April 18, 2019
Damen into the Red for the First Time in 15 Years

Damen Shipyards Group suffers a net loss of 17 million euros for 2018. It has been 15 years since the Dutch shipbuilder announced losses. 

Damen says to experience problems in a number of maritime sectors while continued investments further weigh down the result.

Tough Trading in Offshore Oil and Gas and Harbour Towage

Despite rising oil prices, the offshore hydrocarbon sectors continue to present tough trading conditions. The harbour towage sector, a key market for Damen, is also underperforming as competition in the marketplace exerts downward pressure on prices and tug operators seek to consolidate their operations. 

Losses for Verolme, Curaçao and Mangalia Romania 

While project activity has increased recently for the group’s repair and conversion division, profit generated remains low as the group is absorbing operating losses at its acquired companies Verolme, Curaçao and Mangalia Romania.

Damen Schelde Misses Royal Netherlands Navy as Launching Customer

A further factor is the current lower than usual levels of activity at Damen Schelde Naval Shipbuilding. Group CEO Réne Berkvens says: 'Despite significant investment, over a sustained period, aimed at participation in various projects, for example the Dutch submarine and German MKS 180 programmes, awards have not yet been forthcoming. Defence & security projects are a critical factor, not only for the success of Damen, but also for the navy and for the maintenance of a domestic defence industry within the Netherlands. On numerous occasions historically, the Royal Netherlands Navy has showed a progressive and innovative approach, serving as the launching customer for naval technologies that have gone on to be used by navies throughout the world.'

Healthy Turnover, but Profit under Pressure

Despite the difficult market conditions, the shipyards group has continued to book a large amount of projects – worth in the region of 1.9 billion euros in 2018. Summing up, Mr Berkvens states: 'Turnover is generally healthy. The difficulty is that, despite high levels of activity, profit is under pressure from a combination of factors including vessel oversupply in some markets, fierce competition and increasing labour costs in certain regions.'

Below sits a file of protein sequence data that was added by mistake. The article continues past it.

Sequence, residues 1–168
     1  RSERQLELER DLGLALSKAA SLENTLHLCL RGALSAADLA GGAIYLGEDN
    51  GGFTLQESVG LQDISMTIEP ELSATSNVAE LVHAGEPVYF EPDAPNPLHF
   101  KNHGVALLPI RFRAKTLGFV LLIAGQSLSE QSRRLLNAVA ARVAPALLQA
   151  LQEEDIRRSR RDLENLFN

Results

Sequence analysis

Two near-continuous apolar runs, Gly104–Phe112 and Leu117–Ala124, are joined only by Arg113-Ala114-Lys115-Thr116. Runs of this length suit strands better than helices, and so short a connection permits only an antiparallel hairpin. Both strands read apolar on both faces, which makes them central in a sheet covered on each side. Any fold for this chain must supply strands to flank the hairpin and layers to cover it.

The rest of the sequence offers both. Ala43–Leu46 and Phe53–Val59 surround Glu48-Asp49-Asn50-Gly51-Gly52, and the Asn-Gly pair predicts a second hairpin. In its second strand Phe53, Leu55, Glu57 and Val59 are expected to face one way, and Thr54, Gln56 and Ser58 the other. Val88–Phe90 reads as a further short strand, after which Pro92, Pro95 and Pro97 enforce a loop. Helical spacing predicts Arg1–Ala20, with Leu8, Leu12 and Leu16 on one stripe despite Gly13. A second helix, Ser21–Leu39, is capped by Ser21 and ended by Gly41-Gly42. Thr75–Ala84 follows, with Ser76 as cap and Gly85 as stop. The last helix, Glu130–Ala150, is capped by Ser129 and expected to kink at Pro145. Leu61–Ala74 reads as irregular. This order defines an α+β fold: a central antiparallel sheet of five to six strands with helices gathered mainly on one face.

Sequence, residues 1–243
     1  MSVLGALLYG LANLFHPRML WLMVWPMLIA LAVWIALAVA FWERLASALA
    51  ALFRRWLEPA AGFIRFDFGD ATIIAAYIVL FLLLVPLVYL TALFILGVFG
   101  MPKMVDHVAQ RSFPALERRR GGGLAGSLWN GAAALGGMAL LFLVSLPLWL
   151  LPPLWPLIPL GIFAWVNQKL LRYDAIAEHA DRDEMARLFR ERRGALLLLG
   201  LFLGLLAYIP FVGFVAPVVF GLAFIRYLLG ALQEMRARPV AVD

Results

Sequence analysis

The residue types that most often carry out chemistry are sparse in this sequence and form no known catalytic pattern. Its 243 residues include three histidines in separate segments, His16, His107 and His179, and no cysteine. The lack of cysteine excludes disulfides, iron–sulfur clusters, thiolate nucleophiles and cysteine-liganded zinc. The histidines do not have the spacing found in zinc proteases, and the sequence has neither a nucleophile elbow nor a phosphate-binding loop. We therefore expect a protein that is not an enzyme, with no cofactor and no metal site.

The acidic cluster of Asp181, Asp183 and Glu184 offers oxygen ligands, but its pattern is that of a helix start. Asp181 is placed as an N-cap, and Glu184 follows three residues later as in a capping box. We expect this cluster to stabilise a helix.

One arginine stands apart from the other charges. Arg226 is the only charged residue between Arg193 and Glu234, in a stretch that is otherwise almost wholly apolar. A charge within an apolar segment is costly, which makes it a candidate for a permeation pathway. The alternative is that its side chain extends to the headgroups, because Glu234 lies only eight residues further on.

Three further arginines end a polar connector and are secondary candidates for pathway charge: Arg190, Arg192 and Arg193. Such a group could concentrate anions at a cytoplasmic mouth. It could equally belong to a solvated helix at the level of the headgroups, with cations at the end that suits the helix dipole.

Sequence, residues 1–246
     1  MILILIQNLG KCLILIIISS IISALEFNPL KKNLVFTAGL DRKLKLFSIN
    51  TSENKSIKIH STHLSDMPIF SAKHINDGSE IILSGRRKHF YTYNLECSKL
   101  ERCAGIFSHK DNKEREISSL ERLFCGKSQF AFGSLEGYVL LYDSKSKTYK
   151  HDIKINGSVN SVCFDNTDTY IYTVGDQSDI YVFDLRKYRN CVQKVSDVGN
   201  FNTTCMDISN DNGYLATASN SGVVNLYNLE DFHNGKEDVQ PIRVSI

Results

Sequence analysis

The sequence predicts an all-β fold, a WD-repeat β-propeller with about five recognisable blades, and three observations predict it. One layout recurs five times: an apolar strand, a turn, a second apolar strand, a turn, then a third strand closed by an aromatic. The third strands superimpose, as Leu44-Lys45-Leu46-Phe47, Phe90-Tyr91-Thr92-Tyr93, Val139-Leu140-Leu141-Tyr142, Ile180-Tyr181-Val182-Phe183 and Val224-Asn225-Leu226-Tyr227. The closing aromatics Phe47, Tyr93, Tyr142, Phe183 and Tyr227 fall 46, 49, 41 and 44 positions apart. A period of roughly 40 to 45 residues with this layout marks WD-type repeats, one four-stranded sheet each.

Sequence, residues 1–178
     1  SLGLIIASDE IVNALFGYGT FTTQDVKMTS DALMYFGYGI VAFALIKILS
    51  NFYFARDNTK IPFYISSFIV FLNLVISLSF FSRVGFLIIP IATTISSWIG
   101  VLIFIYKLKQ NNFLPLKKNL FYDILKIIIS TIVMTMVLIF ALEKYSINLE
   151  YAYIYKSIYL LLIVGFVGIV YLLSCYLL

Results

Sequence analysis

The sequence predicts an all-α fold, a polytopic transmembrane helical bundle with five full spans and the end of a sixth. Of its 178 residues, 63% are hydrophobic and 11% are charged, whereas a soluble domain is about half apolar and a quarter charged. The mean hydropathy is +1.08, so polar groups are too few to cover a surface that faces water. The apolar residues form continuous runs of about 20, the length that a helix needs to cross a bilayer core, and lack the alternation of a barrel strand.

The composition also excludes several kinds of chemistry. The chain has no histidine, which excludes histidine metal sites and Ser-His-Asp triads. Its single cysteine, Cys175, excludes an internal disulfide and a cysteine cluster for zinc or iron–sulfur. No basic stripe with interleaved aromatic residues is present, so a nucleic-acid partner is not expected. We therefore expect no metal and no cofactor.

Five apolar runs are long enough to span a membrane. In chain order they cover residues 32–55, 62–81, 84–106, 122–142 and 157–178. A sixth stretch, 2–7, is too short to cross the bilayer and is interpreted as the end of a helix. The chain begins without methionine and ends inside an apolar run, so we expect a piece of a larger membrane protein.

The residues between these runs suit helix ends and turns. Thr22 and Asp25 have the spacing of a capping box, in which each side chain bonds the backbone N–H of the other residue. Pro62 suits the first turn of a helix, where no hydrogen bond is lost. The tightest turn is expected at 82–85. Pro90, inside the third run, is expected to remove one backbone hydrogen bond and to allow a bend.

Damen hopes it will benefit from other maritime markets that do show signs of growth, such  as the cruise, inland shipping, public transport, yachting and offshore renewables sector.

Investments Take a Heavy Toll

Damen's 2018 results are further weighed down by the company's investments in facilities, capabilities and personnel. This includes the group’s acquisition of a stake in the shipyard now known as Damen Shipyards Mangalia in Romania. With this and other investments, Damen has entered the cruise, RoPax and large offshore vessel construction markets and prepares itself further for participation in future large-scale defence & security contracts.

Retaining Access to Skills and Knowledge

'Damen, as a family business, holds a long-term view and continues to plan ahead in full confidence of better times in the future,' explains Mr Berkvens. 'In addition to preparing for this via a programme of continued acquisition and facilities development, we feel it is crucial that we continue to invest in our personnel and in maintaining employment opportunities. Only in this way can we be sure that, when the markets do eventually recover, both Damen and the Netherlands retain their access to the skills and knowledge necessary to maintain a successful shipbuilding industry.'

Picture: Although Damen's repair and conversion yards have seen more ships enter their docks, acquisitions of new facilities weigh down the result. Here, the dry docks of Damen Shipyards Rotterdam (©Raimond Spekking / CC BY-SA 4.0 (via Wikimedia Commons)).

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